Issuing its largest fine to date, the Federal Communications Commission issued a $120 million fine on a massive robocall spoofing operation it deemed a threat to public safety.
The FCC announced Thursday morning that it would leverage the fine against Adrian Abramovich, a Miami man who the commission said made almost 100 million spoofed robocalls over a three-month period at the end of 2016. The FCC argued that Abramovich’s operation made the phony calls to trick consumers into answering and listening to his advertising messages. The fine was based on 80,000 spoofed calls the commission had verified.
“We take spoofing seriously at the FCC and we will continue to do everything we can to confront the scourge of spoofed robocalls,” FCC Chairman Ajit Pai said in a video message after the announcement.
In a written statement, Pai said that Abramovich did not dispute that he placed more than 96 million robocalls, or that the robocalls were made without the recipients’ consent. Pai added that Abramovich did not dispute that inaccurate caller ID information appeared with each robocall, making it look like the call was from a local number, a practice known as “neighbor spoofing.”
Pai added that while Abramovich has said he had “no intent…to defraud, cause harm or wrongfully obtain anything of value,” the commission was not convinced.
“Friendly visitors don’t wear disguises to mask who they are,” Pai wrote.
A complaint filed by the FCC against Abramovich in June 2017 alleged he had broken the Truth in Caller ID Act – which prohibits callers from falsifying caller ID information to disguise their identity with intent to harm or defraud – in perpetrating “one of the largest – and most dangerous – illegal robocalling campaigns that the commission has ever investigated.”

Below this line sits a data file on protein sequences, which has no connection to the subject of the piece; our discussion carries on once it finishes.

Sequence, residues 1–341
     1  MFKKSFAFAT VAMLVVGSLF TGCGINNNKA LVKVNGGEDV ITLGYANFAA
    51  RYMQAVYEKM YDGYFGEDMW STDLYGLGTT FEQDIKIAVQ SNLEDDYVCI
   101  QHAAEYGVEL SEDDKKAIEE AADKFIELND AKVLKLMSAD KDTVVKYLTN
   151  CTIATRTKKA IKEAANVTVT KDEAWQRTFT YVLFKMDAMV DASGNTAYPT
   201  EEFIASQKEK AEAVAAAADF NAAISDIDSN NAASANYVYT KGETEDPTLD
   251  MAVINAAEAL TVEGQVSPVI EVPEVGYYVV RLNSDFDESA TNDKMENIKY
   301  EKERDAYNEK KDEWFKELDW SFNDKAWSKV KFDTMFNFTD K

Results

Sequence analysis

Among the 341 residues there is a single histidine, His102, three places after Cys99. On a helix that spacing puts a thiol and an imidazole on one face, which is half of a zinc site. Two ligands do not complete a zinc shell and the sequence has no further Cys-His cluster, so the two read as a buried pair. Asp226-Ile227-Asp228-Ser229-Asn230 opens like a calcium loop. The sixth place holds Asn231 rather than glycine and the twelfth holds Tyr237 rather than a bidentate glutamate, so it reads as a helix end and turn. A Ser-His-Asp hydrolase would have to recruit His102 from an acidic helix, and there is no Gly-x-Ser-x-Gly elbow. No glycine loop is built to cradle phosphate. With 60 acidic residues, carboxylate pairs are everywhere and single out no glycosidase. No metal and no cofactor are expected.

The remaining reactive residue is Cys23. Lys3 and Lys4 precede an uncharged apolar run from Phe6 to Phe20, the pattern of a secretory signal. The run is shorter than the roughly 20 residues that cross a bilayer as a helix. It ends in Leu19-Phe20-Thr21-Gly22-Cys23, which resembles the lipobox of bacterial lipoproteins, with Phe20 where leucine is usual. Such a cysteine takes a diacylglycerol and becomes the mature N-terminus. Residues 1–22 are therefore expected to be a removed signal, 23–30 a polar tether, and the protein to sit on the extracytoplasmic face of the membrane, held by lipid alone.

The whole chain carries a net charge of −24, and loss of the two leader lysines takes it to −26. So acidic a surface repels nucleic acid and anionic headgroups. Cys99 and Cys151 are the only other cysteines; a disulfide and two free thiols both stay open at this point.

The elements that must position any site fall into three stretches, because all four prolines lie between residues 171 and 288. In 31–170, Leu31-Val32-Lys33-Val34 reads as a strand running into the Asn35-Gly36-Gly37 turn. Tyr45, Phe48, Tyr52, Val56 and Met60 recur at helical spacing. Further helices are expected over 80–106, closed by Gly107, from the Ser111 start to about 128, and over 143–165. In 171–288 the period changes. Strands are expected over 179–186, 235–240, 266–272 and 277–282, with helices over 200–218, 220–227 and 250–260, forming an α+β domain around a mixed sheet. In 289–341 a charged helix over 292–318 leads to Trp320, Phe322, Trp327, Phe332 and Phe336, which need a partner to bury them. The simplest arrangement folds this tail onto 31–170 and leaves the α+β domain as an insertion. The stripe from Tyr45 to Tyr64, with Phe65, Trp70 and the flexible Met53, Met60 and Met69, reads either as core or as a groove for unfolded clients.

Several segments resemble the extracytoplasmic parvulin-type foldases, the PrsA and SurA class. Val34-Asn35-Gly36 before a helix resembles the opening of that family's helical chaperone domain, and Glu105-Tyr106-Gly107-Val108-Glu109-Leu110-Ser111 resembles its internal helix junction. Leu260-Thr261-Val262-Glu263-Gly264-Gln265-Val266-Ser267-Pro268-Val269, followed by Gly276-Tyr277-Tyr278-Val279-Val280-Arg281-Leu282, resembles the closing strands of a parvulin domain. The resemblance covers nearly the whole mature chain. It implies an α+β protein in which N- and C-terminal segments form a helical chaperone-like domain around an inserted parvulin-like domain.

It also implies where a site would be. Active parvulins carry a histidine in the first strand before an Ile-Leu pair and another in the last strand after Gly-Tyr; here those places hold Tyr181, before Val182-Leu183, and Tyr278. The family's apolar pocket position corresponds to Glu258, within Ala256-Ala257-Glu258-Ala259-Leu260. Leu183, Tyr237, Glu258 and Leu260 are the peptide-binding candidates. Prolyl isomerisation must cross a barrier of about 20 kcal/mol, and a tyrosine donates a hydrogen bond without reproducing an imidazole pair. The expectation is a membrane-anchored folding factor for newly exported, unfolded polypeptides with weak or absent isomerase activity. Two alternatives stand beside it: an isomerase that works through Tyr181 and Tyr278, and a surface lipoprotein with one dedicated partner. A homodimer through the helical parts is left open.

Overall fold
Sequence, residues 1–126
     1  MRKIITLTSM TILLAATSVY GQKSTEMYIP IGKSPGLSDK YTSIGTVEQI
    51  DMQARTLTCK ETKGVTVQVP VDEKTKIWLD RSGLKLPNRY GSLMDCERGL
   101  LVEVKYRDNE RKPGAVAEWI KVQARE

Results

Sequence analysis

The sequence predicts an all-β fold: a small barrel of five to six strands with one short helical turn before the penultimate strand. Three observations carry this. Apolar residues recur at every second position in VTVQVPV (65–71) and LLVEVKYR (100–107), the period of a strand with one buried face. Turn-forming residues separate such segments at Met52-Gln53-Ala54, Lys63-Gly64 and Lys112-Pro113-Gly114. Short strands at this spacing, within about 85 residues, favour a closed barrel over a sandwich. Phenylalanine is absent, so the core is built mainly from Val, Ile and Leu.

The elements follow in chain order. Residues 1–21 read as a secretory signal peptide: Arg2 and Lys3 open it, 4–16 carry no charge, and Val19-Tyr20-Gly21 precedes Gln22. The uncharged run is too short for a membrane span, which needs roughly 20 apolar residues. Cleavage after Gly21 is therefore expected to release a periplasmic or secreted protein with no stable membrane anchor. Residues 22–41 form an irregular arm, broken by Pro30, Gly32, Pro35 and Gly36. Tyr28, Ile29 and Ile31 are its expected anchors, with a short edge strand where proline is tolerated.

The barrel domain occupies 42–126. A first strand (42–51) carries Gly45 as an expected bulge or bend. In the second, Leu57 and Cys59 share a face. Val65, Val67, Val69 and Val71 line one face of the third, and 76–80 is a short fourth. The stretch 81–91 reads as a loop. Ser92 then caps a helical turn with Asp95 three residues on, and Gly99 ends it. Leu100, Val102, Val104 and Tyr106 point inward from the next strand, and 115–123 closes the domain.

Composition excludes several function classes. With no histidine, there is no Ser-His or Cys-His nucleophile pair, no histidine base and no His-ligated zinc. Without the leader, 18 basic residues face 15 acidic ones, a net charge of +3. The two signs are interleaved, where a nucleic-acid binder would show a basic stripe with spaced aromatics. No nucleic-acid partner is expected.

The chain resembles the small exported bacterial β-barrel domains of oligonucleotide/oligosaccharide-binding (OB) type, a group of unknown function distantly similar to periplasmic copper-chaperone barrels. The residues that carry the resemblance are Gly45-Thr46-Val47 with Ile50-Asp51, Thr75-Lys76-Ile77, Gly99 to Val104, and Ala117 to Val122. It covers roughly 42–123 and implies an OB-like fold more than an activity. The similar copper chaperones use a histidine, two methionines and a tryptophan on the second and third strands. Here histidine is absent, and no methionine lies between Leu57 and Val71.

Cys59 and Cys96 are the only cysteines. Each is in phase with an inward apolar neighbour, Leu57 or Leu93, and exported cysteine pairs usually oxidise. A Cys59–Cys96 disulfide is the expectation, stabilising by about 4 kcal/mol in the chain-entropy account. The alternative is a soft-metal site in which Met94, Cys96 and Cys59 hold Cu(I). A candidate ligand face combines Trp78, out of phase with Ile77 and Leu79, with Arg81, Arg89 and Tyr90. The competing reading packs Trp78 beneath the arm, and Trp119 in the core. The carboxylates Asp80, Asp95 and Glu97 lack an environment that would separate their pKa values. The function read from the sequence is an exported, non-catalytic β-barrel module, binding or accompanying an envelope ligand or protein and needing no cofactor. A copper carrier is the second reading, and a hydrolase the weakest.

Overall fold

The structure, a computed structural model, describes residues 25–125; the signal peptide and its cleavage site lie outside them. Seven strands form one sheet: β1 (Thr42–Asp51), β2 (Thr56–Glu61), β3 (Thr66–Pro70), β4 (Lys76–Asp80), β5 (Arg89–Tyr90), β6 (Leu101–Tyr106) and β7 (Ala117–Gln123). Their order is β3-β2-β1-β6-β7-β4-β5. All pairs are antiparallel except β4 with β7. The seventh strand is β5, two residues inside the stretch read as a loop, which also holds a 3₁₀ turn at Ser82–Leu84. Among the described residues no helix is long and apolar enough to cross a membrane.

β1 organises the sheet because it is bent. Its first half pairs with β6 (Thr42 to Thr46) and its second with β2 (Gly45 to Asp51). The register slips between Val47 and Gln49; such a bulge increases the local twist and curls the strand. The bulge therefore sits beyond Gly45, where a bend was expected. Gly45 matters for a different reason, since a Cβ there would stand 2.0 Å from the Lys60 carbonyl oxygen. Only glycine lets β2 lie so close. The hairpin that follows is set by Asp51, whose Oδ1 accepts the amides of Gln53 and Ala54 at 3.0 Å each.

The complaint said Abramovich’s robocall scheme “bombarded American consumers and repeatedly disrupted a critical telecommunications service used by hospitals and emergency medical providers.” Consumers also were subjected to fake robocalls offering “discounted” travel services by real companies including Expedia, Marriott, Hilton and TripAdvisor.
The FCC found that consumers were led to believe the calls were from well-known travel and hospitality companies and were prompted to “Press 1” to learn more about “exclusive” vacation offers. Those who did were then transferred to foreign call centers where operators attempted to sell them vacation packages – often involving timeshares – in places that had no relation to the actual travel or hospitality company.
Abramovich attempted to fight the fine when he appeared before senators last month and said he was “not the kingpin that is alleged,” according to Newsweek. Abramovich asked the FCC to reduce the fine, saying it was disproportionately aggressive given that most calls were not answered or were quickly ended by consumers, according to Bloomberg.
“Clearly regulation needs to address the carriers and providers and require the major carriers to detect robocalls activity,” Abramovich said in testimony submitted to the Senate Commerce Committee. He has also told the committed that his role in the scam had been “significantly overstated” by the FCC, according to Newsweek.
The FCC was unmoved. Last year, commissioner Mignon Clyburn said it would be “one of the biggest understatements I have made in years” to say Ambramovich’s case was extremely troubling. Clyburn wrote that the activities had adverse financial consequences on consumers, hurt the reputations of American businesses and posed a threat to public safety.
For Pai, the $120 million fine “sends a loud and clear message.”
“This FCC is an active cop on the beat,” he said, “and will throw the book at anyone who violates our spoofing and robocall rules and harms consumers.”
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